Carlos Meza: Very interesting. I kind of equate this with people who want to lose weight and try fad diets that are supposed to work in a matter of days. No, you have to put in the reps and go to the gym. You really have to do the work if you want to rank. I think that’s a great message. There’s really no way to hack your way around E-A-T. You’ve just got to put out good content and do the work. It’s not easy, but it’s a simple equation.
Lily Ray: That’s the number one question I get most. It’s always something like, “What’s the score?” It’s like page experience: “How do we just get a green checkmark?” It doesn’t work like that.
The Role of Entities in E-A-T
Carlos Meza: So we mentioned the word entity before. I want to ask you, what’s the entity’s relationship with E-A-T? I know this might be a little bit technical, but I would love to hear your thoughts on that.
Lily Ray: Great question. I spoke at several events this year specifically about that, so I think there’s absolutely a big connection between what Google is trying to do with entities in general and evaluating the E-A-T of those entities.
To take a step back, a good way to think about entities is to start thinking about Google’s Knowledge Graph. When you Google certain people, places and things, Google is going to show you that right sidebar or that top of the search results where you can see, “Oh, you searched for Brad Pitt.” We know who that is. We know he’s a person, he has all these pictures, he has all these movies and this is where he was born. Google has a database of billions of facts about people, places and things. Those are entities, and they’re known entities in Google’s system.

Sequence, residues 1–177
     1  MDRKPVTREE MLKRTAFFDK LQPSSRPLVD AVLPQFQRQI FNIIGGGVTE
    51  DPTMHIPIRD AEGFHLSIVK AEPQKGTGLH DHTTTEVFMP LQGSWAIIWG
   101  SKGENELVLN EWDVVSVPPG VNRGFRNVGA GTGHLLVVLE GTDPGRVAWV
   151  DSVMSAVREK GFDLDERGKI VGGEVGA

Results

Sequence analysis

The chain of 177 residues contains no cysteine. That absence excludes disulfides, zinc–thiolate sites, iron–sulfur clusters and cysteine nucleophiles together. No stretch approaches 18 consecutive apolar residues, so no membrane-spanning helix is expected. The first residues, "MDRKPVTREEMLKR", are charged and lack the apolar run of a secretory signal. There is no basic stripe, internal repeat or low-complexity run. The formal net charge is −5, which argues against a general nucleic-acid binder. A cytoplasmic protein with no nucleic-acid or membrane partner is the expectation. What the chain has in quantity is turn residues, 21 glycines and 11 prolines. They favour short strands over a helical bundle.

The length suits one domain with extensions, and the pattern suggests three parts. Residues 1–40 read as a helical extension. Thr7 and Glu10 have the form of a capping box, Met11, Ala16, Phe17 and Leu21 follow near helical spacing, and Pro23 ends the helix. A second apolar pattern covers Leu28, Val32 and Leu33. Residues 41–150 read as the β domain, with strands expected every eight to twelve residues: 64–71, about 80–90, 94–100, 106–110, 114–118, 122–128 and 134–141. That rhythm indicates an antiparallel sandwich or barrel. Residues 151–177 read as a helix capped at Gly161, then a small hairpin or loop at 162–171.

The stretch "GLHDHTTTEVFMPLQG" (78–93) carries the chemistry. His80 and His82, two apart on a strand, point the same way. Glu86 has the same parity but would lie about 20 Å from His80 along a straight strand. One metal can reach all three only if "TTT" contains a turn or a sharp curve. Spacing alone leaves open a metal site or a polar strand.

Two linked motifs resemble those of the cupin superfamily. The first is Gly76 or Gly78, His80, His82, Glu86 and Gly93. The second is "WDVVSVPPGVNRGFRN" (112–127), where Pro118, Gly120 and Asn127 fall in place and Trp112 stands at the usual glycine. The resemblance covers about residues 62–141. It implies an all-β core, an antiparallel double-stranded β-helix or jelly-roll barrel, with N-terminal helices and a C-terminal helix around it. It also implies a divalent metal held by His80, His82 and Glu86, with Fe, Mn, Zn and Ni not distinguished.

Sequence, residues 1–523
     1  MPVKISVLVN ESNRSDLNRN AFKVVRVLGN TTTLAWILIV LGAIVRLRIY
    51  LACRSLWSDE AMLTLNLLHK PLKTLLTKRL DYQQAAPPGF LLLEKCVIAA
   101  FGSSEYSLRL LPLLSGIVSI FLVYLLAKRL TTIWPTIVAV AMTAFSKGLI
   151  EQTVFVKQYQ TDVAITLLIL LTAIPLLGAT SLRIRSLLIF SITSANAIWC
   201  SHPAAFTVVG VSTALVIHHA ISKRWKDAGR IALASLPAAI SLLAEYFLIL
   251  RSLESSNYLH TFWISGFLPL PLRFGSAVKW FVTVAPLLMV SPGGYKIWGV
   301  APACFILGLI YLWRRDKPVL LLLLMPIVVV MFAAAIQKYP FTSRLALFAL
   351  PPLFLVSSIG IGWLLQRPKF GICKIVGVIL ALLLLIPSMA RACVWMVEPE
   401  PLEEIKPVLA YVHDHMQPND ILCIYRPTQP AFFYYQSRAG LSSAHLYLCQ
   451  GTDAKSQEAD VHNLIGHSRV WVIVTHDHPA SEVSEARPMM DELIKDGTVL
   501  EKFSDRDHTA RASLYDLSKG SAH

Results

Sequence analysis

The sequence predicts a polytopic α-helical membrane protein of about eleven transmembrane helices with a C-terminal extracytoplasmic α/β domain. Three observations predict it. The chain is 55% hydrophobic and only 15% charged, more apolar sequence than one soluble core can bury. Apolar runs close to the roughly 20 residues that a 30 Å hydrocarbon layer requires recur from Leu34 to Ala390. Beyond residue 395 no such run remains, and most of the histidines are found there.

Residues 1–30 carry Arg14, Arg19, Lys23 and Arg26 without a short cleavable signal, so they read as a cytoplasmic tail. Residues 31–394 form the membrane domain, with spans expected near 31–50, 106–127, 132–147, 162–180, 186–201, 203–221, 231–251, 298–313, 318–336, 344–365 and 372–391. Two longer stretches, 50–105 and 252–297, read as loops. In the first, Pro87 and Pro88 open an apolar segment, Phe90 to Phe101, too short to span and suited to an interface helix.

I don’t think that the Knowledge Graph is the only place Google has all this information. I think they have a lot more than what they show in the Knowledge Graph. In fact, they’re starting to roll out new features that demonstrate that Google understands who many different authors are even if those authors aren’t listed in Google’s Knowledge Graph.
How Google Views Entities
I think the way that entities play into E-A-T is that Google can identify a specific author or doctor. It has all these qualitative attributes about a doctor:
- What they specialize in
- How long they’ve been doing it
- What kind of reviews they have from patients
When that doctor’s name is attached to a piece of content, Google sees it as a vote of confidence for the content and maybe the brand itself. The domain is also an entity. If you’re The New York Times, you get a vote of confidence across the board because you’re The New York Times and Google knows your editorial standards. I believe that Google is evaluating the E-A-T of these different entities. When you bring good E-A-T entities together, you’re going to rank better.
Carlos Meza: Thank you. That was very educational. So I have a controversial, or maybe not controversial, question, that keeps coming up in many talks. What do you think about AI-produced content—I think people have been mentioning Jasper in particular—in terms of E-A-T? Do you use these tools to write content? What do you think about all of these AI tools that are popping up?
E-A-T and AI-Produced Content